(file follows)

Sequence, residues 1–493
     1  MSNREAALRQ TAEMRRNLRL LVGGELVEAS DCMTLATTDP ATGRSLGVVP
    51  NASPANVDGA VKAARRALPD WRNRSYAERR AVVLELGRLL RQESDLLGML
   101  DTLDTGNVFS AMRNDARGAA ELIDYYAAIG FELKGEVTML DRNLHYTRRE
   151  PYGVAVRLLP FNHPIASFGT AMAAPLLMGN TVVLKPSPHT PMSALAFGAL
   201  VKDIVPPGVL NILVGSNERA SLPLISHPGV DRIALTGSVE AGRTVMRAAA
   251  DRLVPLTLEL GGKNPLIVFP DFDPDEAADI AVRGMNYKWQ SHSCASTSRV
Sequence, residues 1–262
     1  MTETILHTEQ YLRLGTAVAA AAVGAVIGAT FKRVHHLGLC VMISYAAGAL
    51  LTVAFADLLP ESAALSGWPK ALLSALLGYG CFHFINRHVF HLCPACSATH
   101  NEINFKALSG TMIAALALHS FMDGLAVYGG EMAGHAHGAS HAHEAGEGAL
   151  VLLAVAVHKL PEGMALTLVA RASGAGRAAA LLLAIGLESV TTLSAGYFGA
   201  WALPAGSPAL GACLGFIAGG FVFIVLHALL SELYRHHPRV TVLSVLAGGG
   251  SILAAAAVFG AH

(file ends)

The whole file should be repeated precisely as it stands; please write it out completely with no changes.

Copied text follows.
Sequence, residues 1–493
     1  MSNREAALRQ TAEMRRNLRL LVGGELVEAS DCMTLATTDP ATGRSLGVVP
    51  NASPANVDGA VKAARRALPD WRNRSYAERR AVVLELGRLL RQESDLLGML
   101  DTLDTGNVFS AMRNDARGAA ELIDYYAAIG FELKGEVTML DRNLHYTRRE
   151  PYGVAVRLLP FNHPIASFGT AMAAPLLMGN TVVLKPSPHT PMSALAFGAL
   201  VKDIVPPGVL NILVGSNERA SLPLISHPGV DRIALTGSVE AGRTVMRAAA
   251  DRLVPLTLEL GGKNPLIVFP DFDPDEAADI AVRGMNYKWQ SHSCASTSRV
Sequence, residues 1–262
     1  MTETILHTEQ YLRLGTAVAA AAVGAVIGAT FKRVHHLGLC VMISYAAGAL
    51  LTVAFADLLP ESAALSGWPK ALLSALLGYG CFHFINRHVF HLCPACSATH
   101  NEINFKALSG TMIAALALHS FMDGLAVYGG EMAGHAHGAS HAHEAGEGAL
   151  VLLAVAVHKL PEGMALTLVA RASGAGRAAA LLLAIGLESV TTLSAGYFGA
   201  WALPAGSPAL GACLGFIAGG FVFIVLHALL SELYRHHPRV TVLSVLAGGG
   251  SILAAAAVFG AH